The case of a fertility doctor who lost his license for helping "Octomom" bear the world's largest-surviving brood of babies has rattled the field of fertility medicine -- a $3 billion industry with little regulation.
When the Medical Board of California revoked the license of Dr. Michael Kamrava this week, it was a rare outcome that came more than two years after his patient, Nadya Suleman, gave birth to octuplets.
There are no laws in the U.S. that prevent doctors from implanting multiple embryos and possibly producing another "Octomom"-type case, but national guidelines have been tightened in the wake of the case to restrict how many embryos can be implanted in patients.
Dr. Jeffrey Steinberg, who testified as a fertility expert in support of Kamrava during his licensing hearing, said Thursday that doctors followed the case closely but remain in a "gray zone" when it comes to navigating between patient wants and medical ethics.
In the case of Suleman and another patient, Kamrava acknowledged implanting more than the recommended number of embryos because he was trying to please insistent patients who were adamant about having a better chance for pregnancy.
"One-on-one, physicians talk about it all the time. We all pretty much feel like we have to wing it and hope for the best," Steinberg said.
The dilemma was reflected in the "Octomom" case. Public intrigue grew as the story's freaky dimensions unfolded with revelation after revelation.
Suleman was an unemployed single-mother. All 14 of her children were conceived through in vitro with Kamrava. There was no father in the picture. She lived with her mom in a house that would soon be foreclosed. She seemed lost in the glare of media attention, and the public was unnerved by her sometimes glassy look and barking laughter.
Kamrava, however, escaped the same degree of public scrutiny as his case was investigated. He has continued to practice at his Beverly Hills clinic and can do so until July 1 under the revocation order that allows him to apply for reinstatement in three years.
His only reprimand before the revocation was mostly a matter of prestige, when the American Society for Reproductive Medicine stripped him of his membership in 2009 for his treatment of Suleman.
Society spokesman Sean Tipton said Kamrava "losing his license is sort of like the sad but obvious ending in a tragic novel."
The society tightened its guidelines for fertility doctors in the wake of Kamrava's case, limiting doctors' use of their discretion to increase the number of embryos implanted. The society said in October 2009 the number should never be upped by more than one from the recommended limit for a patient, as determined by age and other factors.
Suleman was 33 when a dozen embryos were implanted and led to her octuplets. Under the guidelines, no more than two embryos were recommended.
The Society for Assisted Reproductive Technology says the average number of embryos implanted by fertility doctors has consistently declined in recent years, reflecting advances in the field.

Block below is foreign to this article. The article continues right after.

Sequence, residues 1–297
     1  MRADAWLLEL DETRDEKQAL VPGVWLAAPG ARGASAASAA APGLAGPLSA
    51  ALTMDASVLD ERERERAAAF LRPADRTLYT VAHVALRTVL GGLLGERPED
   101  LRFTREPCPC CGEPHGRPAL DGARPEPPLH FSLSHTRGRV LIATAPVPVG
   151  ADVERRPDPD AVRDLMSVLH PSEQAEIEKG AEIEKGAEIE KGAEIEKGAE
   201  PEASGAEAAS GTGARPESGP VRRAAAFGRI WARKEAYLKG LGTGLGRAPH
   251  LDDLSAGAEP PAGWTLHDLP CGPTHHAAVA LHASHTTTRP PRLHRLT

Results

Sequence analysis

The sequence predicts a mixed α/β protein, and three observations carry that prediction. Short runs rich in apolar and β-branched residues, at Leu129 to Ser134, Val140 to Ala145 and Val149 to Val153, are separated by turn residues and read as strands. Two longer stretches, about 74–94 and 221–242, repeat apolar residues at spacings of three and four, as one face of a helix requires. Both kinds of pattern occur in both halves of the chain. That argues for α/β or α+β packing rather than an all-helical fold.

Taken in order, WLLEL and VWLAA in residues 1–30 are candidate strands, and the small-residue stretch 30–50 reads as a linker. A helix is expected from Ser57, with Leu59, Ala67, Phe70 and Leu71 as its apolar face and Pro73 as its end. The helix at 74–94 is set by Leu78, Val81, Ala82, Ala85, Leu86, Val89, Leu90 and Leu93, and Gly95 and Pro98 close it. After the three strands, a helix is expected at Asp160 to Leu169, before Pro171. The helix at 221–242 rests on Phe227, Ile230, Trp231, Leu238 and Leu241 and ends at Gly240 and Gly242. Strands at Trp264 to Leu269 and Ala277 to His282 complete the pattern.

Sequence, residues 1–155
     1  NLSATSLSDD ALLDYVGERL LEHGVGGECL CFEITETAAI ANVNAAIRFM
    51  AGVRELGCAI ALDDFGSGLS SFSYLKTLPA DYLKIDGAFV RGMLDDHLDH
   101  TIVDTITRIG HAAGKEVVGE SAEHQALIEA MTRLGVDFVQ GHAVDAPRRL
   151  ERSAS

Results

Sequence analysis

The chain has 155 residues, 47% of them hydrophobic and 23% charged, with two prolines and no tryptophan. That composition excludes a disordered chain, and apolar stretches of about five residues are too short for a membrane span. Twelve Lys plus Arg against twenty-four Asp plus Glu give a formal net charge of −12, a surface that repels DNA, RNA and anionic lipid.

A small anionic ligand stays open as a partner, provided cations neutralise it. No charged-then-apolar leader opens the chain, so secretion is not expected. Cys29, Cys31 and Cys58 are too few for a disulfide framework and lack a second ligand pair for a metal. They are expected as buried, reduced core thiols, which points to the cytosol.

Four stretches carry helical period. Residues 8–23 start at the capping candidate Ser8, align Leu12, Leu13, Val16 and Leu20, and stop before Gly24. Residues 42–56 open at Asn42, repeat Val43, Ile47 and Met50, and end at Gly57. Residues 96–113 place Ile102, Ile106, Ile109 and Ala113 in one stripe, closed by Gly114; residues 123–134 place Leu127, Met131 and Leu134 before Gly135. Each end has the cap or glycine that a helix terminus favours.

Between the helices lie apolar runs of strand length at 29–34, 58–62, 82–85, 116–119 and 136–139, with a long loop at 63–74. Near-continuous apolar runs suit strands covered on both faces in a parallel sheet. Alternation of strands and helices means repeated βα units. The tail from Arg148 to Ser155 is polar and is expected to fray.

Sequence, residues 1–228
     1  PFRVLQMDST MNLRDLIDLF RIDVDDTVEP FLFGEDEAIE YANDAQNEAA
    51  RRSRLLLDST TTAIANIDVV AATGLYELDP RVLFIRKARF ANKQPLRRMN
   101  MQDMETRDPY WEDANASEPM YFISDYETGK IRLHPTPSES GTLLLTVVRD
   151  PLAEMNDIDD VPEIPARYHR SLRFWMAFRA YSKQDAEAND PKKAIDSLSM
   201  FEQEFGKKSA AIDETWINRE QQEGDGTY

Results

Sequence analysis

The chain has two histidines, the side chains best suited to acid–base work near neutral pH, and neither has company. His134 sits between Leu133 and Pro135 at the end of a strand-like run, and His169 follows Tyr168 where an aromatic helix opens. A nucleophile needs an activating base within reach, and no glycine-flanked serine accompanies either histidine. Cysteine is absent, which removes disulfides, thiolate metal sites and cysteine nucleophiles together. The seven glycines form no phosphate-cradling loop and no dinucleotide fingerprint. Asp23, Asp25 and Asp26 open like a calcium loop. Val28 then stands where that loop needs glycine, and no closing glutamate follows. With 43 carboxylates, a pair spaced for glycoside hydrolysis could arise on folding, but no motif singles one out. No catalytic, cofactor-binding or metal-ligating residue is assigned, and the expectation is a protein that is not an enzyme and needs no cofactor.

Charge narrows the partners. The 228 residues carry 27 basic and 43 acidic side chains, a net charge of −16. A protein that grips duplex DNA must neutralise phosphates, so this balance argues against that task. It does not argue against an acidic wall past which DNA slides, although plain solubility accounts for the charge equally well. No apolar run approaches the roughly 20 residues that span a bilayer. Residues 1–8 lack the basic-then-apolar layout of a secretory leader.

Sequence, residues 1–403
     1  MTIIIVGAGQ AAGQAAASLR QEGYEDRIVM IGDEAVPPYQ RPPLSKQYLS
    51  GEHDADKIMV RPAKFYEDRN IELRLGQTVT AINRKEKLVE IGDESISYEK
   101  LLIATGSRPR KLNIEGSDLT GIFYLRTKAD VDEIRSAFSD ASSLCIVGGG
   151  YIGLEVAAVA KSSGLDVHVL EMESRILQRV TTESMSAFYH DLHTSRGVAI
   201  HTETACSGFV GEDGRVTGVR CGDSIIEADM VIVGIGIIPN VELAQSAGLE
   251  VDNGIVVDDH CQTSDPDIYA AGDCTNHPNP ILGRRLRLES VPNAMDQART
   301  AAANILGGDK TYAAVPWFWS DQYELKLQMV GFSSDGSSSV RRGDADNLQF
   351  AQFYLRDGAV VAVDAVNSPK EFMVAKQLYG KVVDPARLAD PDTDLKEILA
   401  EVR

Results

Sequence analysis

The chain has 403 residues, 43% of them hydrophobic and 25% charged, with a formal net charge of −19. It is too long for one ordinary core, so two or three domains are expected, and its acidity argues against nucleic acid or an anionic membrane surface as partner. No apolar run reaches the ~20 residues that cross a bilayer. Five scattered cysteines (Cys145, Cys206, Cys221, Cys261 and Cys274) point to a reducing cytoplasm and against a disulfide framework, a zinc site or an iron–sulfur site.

In 2009, the average number implanted for women under 35 was 2, with 1.6 percent of pregnancies involving three or more babies. By comparison, in 2003 the average was 2.7 embryos, with the percentage of triplets at 6.4 percent.
Dr. Victor Fujimoto, who testified against Kamrava for the state and heads the fertility program at the University of California, San Francisco, said Thursday there was no doubt justice has been served with Kamrava's license revocation, and most doctors know better than to make such mistakes.
"The consensus that is very clear among my industry peers and my physician colleagues is that Dr. Kamrava operated well outside the standards," Fujimoto said.
Steinberg said it often takes a long, hard conversation to convince a patient that implanting more embryos is not better, no matter how desperate they are to become pregnant.
"In the end that tissue belongs to the patients," he said. "We worry about them turning around to accuse us of murder or some such thing if we don't do as they say."
Neither doctor believes there should be limits on how many times a patient can seek in vitro treatment. In addition, patients who want big families should be accommodated, they said.
In a span of less than eight years, Suleman underwent repeated treatments resulting in a total of 14 children, including her octuplets. In all, she was implanted with 60 embryos.
Kamrava touted his procedure in a local television news segment. As Suleman smiled in the background, he talked about how he used a small camera to see where the embryos are implanted into the womb.
Fujimoto says fertility medicine is competitive, and doctors often try to differentiate themselves by boasting specialized methods. But there is no evidence that Kamrava's method was better than others in the field, he said.
Patients often look at published success rates before choosing where to get expensive treatments.
"Kamrava had very low pregnancy rates and that's why he got so courageous with those embryos," Steinberg said.
It's unclear if more women might go as far as Suleman did to realize their dream of a large family. But doctors have likely learned their lesson, Fujimoto said.
"I can't imagine that there will be another Kamrava," he said. "I suspect there are always those who straddle the fence more than others. My hope is they will take this as a wake-up call and they will make efforts to improve their pregnancy rates through efforts other than using more embryos."